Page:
For much of healthcare, HIPAA sets the standards for how to manage uses and disclosures of patient information, known as Protected Health Information (PHI).
But when it comes to information related to the treatment of substance use disorders, regulations of the Substance Abuse and Mental Health Services Administration (SAMHSA) under 42 CFR Part 2 prevail, including rigorous controls on the release and re-release of patient information.
Why you should Attend:
While HIPAA rules apply to all Protected Health Information, the rules under 42 CFR Part 2 place special limitations on substance use disorder-related information. HIPAA has controls on the release of health information, but once it's released under HIPAA, the information is allowed to be used according to the regulations and obligations of the receiving party.
With information under Part 2, the obligations to protect the information travel with the information, placing recipients under obligations to provide further protection under Part 2 rules.
For decades, the rules under 42 CFR Part 2 have required that each and every release of information have a consent in place, but new rules allow release to "others involved in my care," including re-release of information without a new consent.
While this new option promises to simplify the release and re-release of information, implementation requires that it be possible to report to the individual a list of parties to whom the information has been released. The accounting for these disclosures is similar to the HIPAA accounting of disclosures in principle, but applies to treatment disclosures all the way down the chain of releases.
HIPAA allows a number of disclosures, for treatment, payment, and healthcare operations purposes, without consent from the individual being treated.
SAMHSA rules, on the other hand, require consent for every disclosure or re-disclosure, and if the proper consents aren't obtained, the provider can be in violation of the rules and subject to penalties.
Areas Covered in the Session:
- What HIPAA allows, what SAMHSA requires, and the differences will be explained
- We will Examine how to Determine if the services you provide place you under 42 CFR Part 2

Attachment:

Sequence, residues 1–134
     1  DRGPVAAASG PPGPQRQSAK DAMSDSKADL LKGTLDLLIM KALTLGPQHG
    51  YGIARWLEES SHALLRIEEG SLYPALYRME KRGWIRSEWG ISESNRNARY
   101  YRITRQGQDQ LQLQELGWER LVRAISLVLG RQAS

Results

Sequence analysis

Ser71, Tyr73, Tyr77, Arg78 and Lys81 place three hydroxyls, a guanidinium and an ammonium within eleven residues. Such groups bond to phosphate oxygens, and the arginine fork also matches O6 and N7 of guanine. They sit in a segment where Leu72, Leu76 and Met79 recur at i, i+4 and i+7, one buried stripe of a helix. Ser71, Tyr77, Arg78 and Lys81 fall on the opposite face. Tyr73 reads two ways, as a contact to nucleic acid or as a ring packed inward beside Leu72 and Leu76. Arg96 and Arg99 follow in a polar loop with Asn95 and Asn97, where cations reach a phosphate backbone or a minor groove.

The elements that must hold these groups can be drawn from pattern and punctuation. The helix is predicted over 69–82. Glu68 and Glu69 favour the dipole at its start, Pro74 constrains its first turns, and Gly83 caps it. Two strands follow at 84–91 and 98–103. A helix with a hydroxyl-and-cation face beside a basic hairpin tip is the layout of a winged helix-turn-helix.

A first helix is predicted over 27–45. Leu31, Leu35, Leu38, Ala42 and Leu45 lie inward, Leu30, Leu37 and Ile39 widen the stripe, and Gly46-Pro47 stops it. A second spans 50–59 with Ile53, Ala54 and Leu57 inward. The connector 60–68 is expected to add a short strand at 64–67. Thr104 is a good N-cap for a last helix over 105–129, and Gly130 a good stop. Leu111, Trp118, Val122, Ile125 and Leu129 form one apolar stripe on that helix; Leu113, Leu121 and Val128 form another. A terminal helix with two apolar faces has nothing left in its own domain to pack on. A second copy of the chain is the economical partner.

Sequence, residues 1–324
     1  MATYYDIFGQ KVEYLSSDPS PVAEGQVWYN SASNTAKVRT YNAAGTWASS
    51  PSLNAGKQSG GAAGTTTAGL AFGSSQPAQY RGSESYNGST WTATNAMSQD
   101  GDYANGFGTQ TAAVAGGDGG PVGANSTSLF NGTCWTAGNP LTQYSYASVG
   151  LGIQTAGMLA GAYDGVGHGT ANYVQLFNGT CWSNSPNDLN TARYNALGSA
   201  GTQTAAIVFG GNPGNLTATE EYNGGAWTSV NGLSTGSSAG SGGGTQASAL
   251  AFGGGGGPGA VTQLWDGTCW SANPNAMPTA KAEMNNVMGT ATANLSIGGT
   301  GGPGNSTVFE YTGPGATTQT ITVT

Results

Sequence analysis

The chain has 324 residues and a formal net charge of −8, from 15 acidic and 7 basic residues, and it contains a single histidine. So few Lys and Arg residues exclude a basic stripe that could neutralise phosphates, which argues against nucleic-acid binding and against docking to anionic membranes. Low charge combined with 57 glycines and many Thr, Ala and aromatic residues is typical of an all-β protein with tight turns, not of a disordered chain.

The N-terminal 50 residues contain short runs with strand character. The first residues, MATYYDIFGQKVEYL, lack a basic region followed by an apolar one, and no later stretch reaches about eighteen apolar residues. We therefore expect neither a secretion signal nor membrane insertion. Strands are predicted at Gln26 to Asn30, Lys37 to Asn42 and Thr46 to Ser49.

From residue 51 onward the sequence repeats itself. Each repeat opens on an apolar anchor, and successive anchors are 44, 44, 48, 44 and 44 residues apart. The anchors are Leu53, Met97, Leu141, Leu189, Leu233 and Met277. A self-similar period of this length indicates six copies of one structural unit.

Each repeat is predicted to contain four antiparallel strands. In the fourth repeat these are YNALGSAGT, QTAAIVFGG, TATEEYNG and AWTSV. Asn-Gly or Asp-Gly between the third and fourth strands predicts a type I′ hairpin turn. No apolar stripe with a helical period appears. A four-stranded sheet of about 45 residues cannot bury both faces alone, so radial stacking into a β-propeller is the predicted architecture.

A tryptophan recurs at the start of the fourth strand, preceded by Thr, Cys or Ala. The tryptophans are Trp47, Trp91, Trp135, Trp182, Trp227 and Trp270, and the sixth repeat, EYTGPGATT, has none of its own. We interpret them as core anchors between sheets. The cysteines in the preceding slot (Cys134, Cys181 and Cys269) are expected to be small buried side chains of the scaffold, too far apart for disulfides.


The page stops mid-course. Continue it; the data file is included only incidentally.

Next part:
- We will explore the means for making sure substance abuse Treatment Information Receives the Appropriate Protections
- The Consent and Release Requirements under HIPAA will be explained
- The consent and Release Requirements under 42 CFR Part 2 will be explained
- Re-release of Information released under 42 CFR Part 2 will be discussed
- Sharing of Information with Family and Friends in an overdose Incident will be explored
- Requirements for Providing an accounting of disclosures of Part 2 Information will be Explained
- Challenges in Managing mixed records with Some Part 2 and some non-Part 2 Data will be Discussed
Who Will Benefit:
- Compliance Director
- Privacy Officer
- Security Officer
- Information Systems Manager
- HIPAA Officer
- Chief Information Officer
- Health Information Manager
- Healthcare Counsel/Lawyer
- Office Manager
Speaker ProfileJim Sheldon-Dean is the founder and director of compliance services at Lewis Creek Systems, LLC, a Vermont-based consulting firm founded in 1982, providing information privacy and security regulatory compliance services to health care firms and businesses throughout the Northeast and nationally. Sheldon-Dean’s firm provides a variety of advisory, training, assessment, policy development, project management and mitigation services for a number of health care providers, businesses, universities, small and large hospitals, urban and rural mental health and social service agencies, health insurance plans and health care business associates. He serves on the HIMSS Information Systems Security Workgroup, the Workgroup for Electronic Data Interchange Privacy and Security Workgroup, and co-chairs the WEDI HIPAA Updates sub-workgroup. He is a frequent speaker regarding HIPAA and information privacy and security compliance issues at seminars and conferences, including speaking engagements at AHIMA national conventions and WEDI national conferences, and before the New York Metropolitan Chapter of the Healthcare Financial Management Association, Health Information Management Associations of New York City, New York State, and Vermont, the Connecticut Hospital Association, and the Hospital and Health System Association of Pennsylvania. Sheldon-Dean has nearly 30 years of experience in policy analysis and implementation, business process analysis, information systems and software development. His experience includes leading the development of health care related Web sites; award-winning, best-selling commercial utility software; and mission-critical, fault-tolerant communications satellite control systems. In addition, he has eight years of experience doing hands-on medical work as a Vermont certified volunteer emergency medical technician. Sheldon-Dean received his B.S. degree, summa cum laude, from the University of Vermont and his master’s degree from the Massachusetts Institute of Technology.